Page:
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Ahmadinejad's Alternative to the Queen's Christmas Message

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If Christ were on Earth today he'd probably watch Iranian President Ahmadinejad's British Christmas day speech over the Queen's.

The fact is, the "sombre" message (as it is being officially endorsed) of a jewel encrusted and glorified dynastic ruler is a far cry from the values of humility and humanity that Jesus Christ represents for those of the Abrahamic faiths. Especially as the worst economic crisis of the last 100 years is bringing the world to its knees.

Ahmadinejad, on the other hand -- with his deliberately modest attire and his customized religious everyman image -- is quite a bit more in tune with a Christmas message.

That and the fact that Britain's Channel 4 enjoys stoking controversy have made this year's "alternative to the Queen's Christmas message" (as per a C4 tradition that started in 1993) quite a showstopper as far as boring speeches about peace and humanity by powerful leaders go.

It's hard not to be fascinated by the fact that a man living in the bubble of the Islamic Republic of Iran has proven to be the greatest media mind in contemporary global leadership. Not content with effortlessly reducing major American journalists (not so fast Diane Sawyer) to defensive interviewees, Ahmadinejad has perfected the au courant rule of celebrity media success: never leave the limelight (or the paparazzi flashes, as it may be.)

Like Paris Hilton before him, Ahmadinejad continually reminds the world that he exists and along the way picks up more and more attention. Any news is good news in the world of 24 hour global media and somehow the unshorn leader of an isolated Muslim country has outmastered his Western Armani-wearing counterparts in the game they invented.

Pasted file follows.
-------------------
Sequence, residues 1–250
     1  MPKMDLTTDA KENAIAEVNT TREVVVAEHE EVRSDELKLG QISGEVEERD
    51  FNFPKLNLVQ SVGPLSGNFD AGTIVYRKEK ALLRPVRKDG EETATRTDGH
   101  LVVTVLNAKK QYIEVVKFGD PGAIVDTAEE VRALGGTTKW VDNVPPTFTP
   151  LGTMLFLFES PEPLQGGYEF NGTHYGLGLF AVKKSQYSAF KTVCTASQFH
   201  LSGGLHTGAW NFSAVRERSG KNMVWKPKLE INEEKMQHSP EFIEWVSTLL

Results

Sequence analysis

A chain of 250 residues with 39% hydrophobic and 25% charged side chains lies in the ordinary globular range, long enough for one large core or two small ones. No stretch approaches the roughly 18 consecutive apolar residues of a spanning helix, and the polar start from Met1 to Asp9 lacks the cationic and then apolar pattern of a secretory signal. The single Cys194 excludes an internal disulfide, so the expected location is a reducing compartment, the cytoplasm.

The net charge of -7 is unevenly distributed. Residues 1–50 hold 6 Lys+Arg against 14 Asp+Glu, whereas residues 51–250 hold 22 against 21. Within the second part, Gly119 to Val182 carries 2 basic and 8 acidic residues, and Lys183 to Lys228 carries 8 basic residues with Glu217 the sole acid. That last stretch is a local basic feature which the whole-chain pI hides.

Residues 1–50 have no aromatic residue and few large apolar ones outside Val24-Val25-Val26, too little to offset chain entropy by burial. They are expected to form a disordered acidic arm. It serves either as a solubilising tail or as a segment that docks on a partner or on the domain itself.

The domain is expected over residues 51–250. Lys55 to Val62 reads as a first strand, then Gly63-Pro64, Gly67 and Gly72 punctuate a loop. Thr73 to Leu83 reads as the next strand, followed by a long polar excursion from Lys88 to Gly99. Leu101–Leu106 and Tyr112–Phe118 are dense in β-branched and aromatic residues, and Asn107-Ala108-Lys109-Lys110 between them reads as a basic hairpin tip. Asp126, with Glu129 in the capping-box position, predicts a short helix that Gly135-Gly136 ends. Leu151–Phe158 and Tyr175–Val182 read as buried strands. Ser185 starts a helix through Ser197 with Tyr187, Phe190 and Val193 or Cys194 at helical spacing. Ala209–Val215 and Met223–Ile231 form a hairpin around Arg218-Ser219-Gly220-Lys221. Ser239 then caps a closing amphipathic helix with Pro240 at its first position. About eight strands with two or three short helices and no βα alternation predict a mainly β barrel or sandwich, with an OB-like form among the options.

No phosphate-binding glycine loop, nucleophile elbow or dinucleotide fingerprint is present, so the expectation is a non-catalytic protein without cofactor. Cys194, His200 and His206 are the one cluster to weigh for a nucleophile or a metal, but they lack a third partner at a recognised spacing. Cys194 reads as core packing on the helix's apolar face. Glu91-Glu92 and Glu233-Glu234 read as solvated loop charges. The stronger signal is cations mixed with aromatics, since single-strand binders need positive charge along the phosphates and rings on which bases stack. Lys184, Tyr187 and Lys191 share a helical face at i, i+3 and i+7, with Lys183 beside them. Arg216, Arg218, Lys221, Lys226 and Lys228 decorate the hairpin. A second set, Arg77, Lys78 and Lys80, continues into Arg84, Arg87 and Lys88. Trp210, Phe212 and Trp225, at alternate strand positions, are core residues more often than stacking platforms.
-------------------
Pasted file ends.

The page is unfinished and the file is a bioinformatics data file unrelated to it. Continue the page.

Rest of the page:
But unlike Hilton (and the Queen, whose own speech is so deep it will be complemented with home video of her playing with a toddler Prince Charles), Ahmadinejad has substance. His speech is a clever combination of Christian beliefs and his own analysis of the direction of international politics. His detailed appreciation of the character and values attributed to Jesus Christ are a concerted effort to demonstrate what many an honest theologian will tell you: there is very little difference between the 3 Abrahamic religions and it's almost laughable that most believers of these faiths don't seem to realize it.

To top it off, Ahmadinejad - always quick on the uptake - has borrowed a phrase from today's messiah Barack Obama: change. "Today, the general will of nations is calling for fundamental change. This is now taking place. Demands for change, demands for transformation, demands for a return to human values are fast becoming the foremost demands of the nations of the world." Indeed Ahmadinejad's speech is not merely a media coup but a smart melding of religious language, Abrahamic values, and exactly the kind of anti-war, pro-humanity talk that is dominating the sensibilities of an entire world that is exhausted by the corporate wars that are currently being fought in the name of peace.

Ultimately, if you get past the religio-talk, Ahmadinejad's uniting message of peace and human rights may be the only world leader speech you can agree with this Christmas. Here's to hoping he'll take his own advice.